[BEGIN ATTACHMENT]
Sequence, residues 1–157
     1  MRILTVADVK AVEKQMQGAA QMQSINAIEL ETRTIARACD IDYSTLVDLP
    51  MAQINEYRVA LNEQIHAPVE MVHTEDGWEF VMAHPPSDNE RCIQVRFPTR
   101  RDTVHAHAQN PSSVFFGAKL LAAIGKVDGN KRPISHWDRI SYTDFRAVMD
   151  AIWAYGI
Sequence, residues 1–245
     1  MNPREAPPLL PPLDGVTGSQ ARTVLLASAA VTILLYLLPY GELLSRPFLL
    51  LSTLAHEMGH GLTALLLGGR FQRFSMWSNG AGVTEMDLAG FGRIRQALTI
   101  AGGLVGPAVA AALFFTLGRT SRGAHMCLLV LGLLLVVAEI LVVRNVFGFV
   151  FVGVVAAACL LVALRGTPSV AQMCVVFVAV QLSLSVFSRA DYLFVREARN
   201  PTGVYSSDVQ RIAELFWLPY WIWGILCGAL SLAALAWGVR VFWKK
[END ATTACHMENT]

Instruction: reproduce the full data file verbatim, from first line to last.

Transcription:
Sequence, residues 1–157
     1  MRILTVADVK AVEKQMQGAA QMQSINAIEL ETRTIARACD IDYSTLVDLP
    51  MAQINEYRVA LNEQIHAPVE MVHTEDGWEF VMAHPPSDNE RCIQVRFPTR
   101  RDTVHAHAQN PSSVFFGAKL LAAIGKVDGN KRPISHWDRI SYTDFRAVMD
   151  AIWAYGI
Sequence, residues 1–245
     1  MNPREAPPLL PPLDGVTGSQ ARTVLLASAA VTILLYLLPY GELLSRPFLL
    51  LSTLAHEMGH GLTALLLGGR FQRFSMWSNG AGVTEMDLAG FGRIRQALTI
   101  AGGLVGPAVA AALFFTLGRT SRGAHMCLLV LGLLLVVAEI LVVRNVFGFV
   151  FVGVVAAACL LVALRGTPSV AQMCVVFVAV QLSLSVFSRA DYLFVREARN
   201  PTGVYSSDVQ RIAELFWLPY WIWGILCGAL SLAALAWGVR VFWKK